Just 30 per cent of global asset management CEOs expect the global economy to improve over the next 12 months, according to PwC’s 19th Annual Global CEO Survey of 189 asset management CEOs in 39 countries.
Twenty five per cent of asset management CEOs expect the global economy to decline in 2016. This does not, however, seem to dent the confidence they have in the revenue growth they expect to see in their companies over the next one to three years.
Most asset management CEOs think ‘responsibility’ will play an important part in defining their success in five years’ time. Most significantly, 86 per cent say they will prioritise long-term over short-term profitability. Furthermore, 69 per cent say they will report on both financial and non-financial matters, while 68 per cent anticipate corporate responsibility being core to everything they do.
Barry Benjamin, global asset and wealth management leader at PwC, says: “Asset management is going through a time of fundamental change. This is a time of great opportunity for growth, yet asset managers need to become more innovative, leverage technology, manage a wider range of risks and use digital communication intelligently if they are to remain competitive. In ten years’ time the sector is likely to be far bigger, but asset management companies will look very different from today.”
In addition to the global economy, CEOs of asset managers see over-regulation, geopolitical uncertainty, volatile exchange rates and interest rate rises as threats to growth.
Some 61 per cent of asset management CEOs see shifting customer behaviours as a threat to growth, while 60 per cent view cyber security as a threat to growth, and 61 per cent see stock market volatility as threat to growth.
Mark Pugh (pictured), UK asset and wealth management leader at PwC, says: “Asset managers are on the right side of a number of powerful trends. Retirement patterns across the globe, especially in the UK with recent Pension Freedom reforms, are leading to opportunities as well as creating a wider set of stakeholders. However, there are grounds for wondering whether asset managers worry enough about some of these hazards. Are they anxious enough about cyber security, disruptive technology and changing consumer demands and expectations?”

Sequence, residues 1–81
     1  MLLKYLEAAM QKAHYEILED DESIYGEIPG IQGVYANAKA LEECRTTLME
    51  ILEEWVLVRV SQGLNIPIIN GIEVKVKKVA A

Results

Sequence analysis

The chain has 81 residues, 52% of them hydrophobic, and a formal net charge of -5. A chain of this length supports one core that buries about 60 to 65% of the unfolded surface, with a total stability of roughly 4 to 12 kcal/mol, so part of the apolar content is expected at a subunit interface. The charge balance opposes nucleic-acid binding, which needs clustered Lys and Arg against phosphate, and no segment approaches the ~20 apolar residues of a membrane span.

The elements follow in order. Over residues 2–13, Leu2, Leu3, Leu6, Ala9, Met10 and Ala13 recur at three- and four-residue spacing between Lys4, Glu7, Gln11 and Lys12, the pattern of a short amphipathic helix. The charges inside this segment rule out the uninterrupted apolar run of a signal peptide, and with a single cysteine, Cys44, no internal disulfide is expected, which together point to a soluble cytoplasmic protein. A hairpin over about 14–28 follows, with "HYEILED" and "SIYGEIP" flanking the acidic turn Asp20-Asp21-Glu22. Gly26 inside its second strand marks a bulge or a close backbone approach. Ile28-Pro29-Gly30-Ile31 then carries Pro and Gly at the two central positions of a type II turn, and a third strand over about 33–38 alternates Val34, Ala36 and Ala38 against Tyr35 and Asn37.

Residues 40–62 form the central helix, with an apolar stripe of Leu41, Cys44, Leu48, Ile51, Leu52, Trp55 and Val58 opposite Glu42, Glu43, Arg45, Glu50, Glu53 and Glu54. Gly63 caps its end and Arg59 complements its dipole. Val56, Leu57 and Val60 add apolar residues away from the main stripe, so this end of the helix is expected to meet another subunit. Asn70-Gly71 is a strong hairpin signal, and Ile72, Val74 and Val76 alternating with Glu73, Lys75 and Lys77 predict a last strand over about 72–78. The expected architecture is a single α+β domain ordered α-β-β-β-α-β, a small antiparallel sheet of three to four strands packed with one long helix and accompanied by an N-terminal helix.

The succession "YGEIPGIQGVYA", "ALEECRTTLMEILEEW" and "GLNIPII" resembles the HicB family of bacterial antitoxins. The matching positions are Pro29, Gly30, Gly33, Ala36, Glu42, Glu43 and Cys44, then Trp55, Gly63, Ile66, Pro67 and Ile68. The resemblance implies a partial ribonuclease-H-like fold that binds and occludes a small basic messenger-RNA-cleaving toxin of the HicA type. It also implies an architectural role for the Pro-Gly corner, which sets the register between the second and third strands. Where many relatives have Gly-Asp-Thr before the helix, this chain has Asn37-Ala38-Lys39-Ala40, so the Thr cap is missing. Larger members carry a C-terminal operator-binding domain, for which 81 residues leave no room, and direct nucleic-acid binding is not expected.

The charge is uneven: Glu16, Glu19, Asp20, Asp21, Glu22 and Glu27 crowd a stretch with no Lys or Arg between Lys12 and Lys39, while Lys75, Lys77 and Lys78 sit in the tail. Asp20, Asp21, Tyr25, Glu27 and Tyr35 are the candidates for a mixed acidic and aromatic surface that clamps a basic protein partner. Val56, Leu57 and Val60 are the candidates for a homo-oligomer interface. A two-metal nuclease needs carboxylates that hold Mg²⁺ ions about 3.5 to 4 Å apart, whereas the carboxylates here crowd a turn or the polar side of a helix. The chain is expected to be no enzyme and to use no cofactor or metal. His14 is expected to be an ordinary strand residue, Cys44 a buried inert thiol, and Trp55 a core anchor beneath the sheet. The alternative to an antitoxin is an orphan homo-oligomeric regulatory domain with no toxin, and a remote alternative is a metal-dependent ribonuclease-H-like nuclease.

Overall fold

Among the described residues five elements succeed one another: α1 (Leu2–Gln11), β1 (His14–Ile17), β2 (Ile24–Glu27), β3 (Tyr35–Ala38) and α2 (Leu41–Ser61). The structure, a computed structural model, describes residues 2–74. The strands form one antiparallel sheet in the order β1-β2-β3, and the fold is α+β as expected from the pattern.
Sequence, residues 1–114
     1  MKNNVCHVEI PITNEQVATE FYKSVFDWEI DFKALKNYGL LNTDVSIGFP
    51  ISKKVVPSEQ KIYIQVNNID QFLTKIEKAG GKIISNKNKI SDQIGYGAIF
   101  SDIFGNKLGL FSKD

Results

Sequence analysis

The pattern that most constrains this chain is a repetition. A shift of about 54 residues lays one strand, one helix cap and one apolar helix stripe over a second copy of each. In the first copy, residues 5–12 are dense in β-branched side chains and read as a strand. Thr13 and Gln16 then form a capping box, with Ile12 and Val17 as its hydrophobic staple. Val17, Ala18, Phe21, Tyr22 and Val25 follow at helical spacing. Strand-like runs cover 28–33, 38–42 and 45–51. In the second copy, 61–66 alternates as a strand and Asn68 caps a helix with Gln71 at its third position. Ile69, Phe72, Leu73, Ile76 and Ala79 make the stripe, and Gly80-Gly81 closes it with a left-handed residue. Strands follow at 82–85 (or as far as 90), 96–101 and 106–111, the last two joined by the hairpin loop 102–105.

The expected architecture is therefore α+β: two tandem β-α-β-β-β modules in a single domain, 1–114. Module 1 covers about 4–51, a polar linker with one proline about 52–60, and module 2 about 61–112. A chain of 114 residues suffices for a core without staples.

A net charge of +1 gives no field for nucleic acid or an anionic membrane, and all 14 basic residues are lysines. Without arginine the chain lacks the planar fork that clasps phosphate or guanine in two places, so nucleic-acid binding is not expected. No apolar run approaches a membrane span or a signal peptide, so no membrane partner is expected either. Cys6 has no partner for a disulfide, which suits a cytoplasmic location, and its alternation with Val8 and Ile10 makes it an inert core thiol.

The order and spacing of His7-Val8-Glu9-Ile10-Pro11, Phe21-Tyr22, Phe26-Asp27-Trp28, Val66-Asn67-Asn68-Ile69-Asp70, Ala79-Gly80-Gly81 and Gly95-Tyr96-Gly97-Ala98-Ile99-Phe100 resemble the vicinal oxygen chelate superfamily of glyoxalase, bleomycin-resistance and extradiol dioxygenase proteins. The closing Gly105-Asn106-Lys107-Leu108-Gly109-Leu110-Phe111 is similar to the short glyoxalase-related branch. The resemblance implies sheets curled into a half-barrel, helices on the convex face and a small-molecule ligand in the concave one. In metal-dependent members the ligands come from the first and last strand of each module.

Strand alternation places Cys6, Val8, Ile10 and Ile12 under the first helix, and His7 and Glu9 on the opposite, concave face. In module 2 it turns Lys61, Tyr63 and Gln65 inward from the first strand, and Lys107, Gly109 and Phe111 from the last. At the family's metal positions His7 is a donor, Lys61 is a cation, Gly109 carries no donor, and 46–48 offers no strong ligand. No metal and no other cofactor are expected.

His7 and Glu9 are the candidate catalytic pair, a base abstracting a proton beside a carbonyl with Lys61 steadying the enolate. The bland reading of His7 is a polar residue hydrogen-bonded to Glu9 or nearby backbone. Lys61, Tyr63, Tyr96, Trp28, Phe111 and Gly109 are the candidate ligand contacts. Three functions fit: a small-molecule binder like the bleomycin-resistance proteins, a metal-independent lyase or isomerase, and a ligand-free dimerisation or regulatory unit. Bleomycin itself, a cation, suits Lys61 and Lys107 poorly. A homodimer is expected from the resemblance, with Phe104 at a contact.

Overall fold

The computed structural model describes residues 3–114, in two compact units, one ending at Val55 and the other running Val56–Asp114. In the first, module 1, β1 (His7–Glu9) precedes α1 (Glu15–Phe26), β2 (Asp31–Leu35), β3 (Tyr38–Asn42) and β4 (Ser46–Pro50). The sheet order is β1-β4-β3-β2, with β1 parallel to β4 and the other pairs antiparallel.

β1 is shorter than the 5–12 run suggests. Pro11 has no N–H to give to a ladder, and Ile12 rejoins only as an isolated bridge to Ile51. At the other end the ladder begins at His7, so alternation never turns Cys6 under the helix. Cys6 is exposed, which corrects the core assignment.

Some 61 per cent of asset management CEOs see the speed of technological change as a threat, 85 per cent are examining how they use technology to improve stakeholder experience, and 64 per cent of CEOs believe that data and analytics are the most effective means for engaging customers.
Fifty eight per cent of asset management CEOs meanwhile, are prioritising strategic alliances and joint ventures.
Asset management CEOs are in line with the wider CEO community in their concern about the speed of technological change. The industry has an opportunity to learn from ecommerce firms who have harnessed “Big Data” successfully. By understanding how to use data, and the technology available to analyse it correctly, asset managers can address the changing expectations of both their stakeholders and their customers.
Mark Pugh, UK asset and wealth management leader at PwC, says: “As asset managers seek to fill product gaps and make the most of the opportunity to move centre stage in finance’s ecosystem, CEOs are aware they need to keep on top of the latest technological developments. For some, this means they are exploring the opportunity to keep track of, and potentially partner with, start-up and FinTech companies who have already built up strong expertise in this area. With over half of global asset management CEOs already prioritising strategic alliances, the other half of the industry can ill afford to get left behind. The ongoing possibilities being opened up utilising and analysing data will be transformational for the asset management industry.”